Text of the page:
(1729 map of St Kitts, showing land divided into parishes)
This week, in a story published by The Guardian, (25/11/20), it emerged that the British Library keeps a list of names of people with connections to colonial harms and the transatlantic slave trade. After wrongly linking poet Ted Hughes to Nicholas Ferrar, and outcry from the Hughes’ estate, the British Library has removed his name from the list.
I learned over the summer that two of my Scottish forebears in the late 18th century benefitted materially from slavery in the Caribbean. I discovered this by chance in a slim family history that an elderly relative had self-published in the 1970s. I’d inherited a copy when he died, but the booklet sat ignored on a bookshelf for years.
During lockdown, my husband and I binge-watched Outlander. It was only then that I wondered what part, if any, those Scottish ancestors of mine had played at Culloden. Yes, one man: he fled to France and was never heard of again. My attention drifted and came to rest on the next line – two brothers of Bo’ness, Leith: John, Commissary General to the Windward Isles, who died, childless, in 1805 in Barbados. And, Duncan, who made his way to China as a young man then on to St Kitts to join his brother. He died in 1816 but had returned to Scotland several years earlier.
Barbados? St Kitts? How did these two brothers end up there? Why?
The connection to slavery was not at first apparent and could easily be overlooked; no mention is made of it in the booklet. John Glasfurd was appointed Commissary General – when, or for how long, is not clear, but likely the 1780s – 1790s. He is also described as a ‘farmer’ who owned a ‘large estate’ at Sandy Point, St Kitts. To be clear, an estate was a sugar plantation and St Kitts was the most profitable of all British colonies at this time. Frequent wars were fought over the island throughout the eighteenth century, such was its value to the British crown.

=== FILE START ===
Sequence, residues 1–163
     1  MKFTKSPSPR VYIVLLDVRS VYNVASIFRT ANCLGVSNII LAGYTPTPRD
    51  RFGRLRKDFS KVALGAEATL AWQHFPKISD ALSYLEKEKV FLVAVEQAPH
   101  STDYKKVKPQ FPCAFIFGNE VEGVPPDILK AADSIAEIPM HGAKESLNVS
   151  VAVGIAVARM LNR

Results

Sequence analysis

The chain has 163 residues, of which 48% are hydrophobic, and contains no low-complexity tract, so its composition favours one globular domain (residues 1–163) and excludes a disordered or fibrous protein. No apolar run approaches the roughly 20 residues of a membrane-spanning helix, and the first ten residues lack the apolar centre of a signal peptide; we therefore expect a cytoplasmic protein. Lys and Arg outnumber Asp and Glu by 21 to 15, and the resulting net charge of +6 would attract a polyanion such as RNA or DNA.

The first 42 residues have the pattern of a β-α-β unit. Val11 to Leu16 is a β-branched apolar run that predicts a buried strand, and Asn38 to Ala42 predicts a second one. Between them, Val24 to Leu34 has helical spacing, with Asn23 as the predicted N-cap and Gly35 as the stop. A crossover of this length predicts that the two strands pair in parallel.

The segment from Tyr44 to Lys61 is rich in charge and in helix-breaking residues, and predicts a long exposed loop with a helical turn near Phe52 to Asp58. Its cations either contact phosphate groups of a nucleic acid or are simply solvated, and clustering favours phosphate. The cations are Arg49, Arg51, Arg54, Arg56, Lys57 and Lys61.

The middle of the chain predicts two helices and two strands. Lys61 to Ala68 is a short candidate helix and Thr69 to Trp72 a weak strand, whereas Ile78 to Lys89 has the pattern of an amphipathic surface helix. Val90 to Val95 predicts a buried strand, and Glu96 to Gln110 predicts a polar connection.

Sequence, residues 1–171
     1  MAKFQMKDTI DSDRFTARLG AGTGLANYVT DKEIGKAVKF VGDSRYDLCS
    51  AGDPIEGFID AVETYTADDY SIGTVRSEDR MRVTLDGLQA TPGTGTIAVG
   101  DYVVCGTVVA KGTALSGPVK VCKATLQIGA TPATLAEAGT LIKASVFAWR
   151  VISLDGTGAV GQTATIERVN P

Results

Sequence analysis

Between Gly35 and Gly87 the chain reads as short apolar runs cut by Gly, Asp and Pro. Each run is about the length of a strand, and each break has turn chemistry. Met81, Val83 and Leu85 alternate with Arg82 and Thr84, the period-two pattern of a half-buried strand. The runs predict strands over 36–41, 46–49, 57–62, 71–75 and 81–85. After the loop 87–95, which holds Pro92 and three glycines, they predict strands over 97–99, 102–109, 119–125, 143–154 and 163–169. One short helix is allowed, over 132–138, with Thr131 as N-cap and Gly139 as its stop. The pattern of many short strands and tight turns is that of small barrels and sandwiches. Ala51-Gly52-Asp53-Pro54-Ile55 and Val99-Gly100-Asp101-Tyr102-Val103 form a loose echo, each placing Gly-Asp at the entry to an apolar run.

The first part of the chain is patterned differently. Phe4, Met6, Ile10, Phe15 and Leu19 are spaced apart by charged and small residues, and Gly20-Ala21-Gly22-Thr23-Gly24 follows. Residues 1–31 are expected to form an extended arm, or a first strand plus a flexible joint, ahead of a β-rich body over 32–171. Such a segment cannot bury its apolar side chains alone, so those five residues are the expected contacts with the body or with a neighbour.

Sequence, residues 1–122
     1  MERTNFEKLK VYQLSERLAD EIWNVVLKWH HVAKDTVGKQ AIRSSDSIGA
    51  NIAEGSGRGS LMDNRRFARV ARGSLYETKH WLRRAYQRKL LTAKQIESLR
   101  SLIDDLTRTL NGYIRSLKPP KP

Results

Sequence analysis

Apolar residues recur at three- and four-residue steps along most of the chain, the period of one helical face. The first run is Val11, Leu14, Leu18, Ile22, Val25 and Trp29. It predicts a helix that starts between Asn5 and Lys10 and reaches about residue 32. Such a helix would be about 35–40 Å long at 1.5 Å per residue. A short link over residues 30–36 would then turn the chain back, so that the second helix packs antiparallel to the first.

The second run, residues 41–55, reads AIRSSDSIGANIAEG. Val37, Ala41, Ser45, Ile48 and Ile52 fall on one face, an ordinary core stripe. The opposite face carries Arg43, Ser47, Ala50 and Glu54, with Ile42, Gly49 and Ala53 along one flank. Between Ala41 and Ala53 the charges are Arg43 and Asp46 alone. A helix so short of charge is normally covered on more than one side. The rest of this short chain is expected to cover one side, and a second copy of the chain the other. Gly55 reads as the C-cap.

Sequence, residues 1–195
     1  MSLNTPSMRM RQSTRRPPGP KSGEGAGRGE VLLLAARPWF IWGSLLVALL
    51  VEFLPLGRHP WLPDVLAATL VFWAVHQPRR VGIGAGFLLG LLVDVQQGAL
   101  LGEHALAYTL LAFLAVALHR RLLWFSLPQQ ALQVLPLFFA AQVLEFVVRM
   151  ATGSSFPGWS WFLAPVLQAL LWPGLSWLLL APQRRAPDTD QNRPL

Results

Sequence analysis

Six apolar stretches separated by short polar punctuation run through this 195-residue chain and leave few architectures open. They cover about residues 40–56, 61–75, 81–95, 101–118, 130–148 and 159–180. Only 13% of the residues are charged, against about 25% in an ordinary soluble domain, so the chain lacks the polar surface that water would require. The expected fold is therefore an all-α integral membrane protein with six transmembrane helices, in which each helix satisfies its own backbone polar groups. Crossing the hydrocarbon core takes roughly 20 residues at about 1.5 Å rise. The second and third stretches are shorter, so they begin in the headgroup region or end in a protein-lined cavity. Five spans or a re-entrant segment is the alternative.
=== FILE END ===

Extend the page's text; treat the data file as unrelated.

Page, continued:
John and Duncan Glasfurd form part of Scotland’s shameful links to chattel slavery, a history that remains far less well understood than that of Bristol, London and Liverpool. John died in 1805, Duncan in 1816. As far as I know, there is no record of compensation being paid out to any surviving family member after 1833, when slavery was finally abolished in the British Caribbean, Mauritius and the Cape. And it seems as if this sordid, ignoble, shameful story as it relates to my family was confined to a single generation. But that comes as no comfort and does not help me answer the questions I have.
What does the present owe the past? What reparation can I make? Why have I been ignorant for so long about something that was under my nose? These questions occupy me. I look at the history books I own and think of the history I was taught – so much of it now comes across as one long exercise in gaslighting. In Legacies of British Slave-ownership, (Catherine Hall et al, 2014), Keith McClelland writes:
Slave-ownership is virtually invisible in British history. It has been elided by strategies of euphemism and evasion originally adapted by the slave-owners themselves and subsequently reproduced widely in British culture.
Coming back to Outlander, the expensively-costumed romp that tears through history with avaricious hunger — the storyline moves from Scotland to the US and has to deal, eventually, with the elephant in the room: slavery. The storyline is problematic, ultimately spinning a white saviour narrative which was palpably false for the time. Black characters are little more than props to a white story. (1)
On finding out about John and Duncan, the worst thing I could do was to do nothing; to wish that past away; to turn away from it, to hush it up. Hasn’t that been the problem for too long? Of amnesia? Of forgetting? Of denial?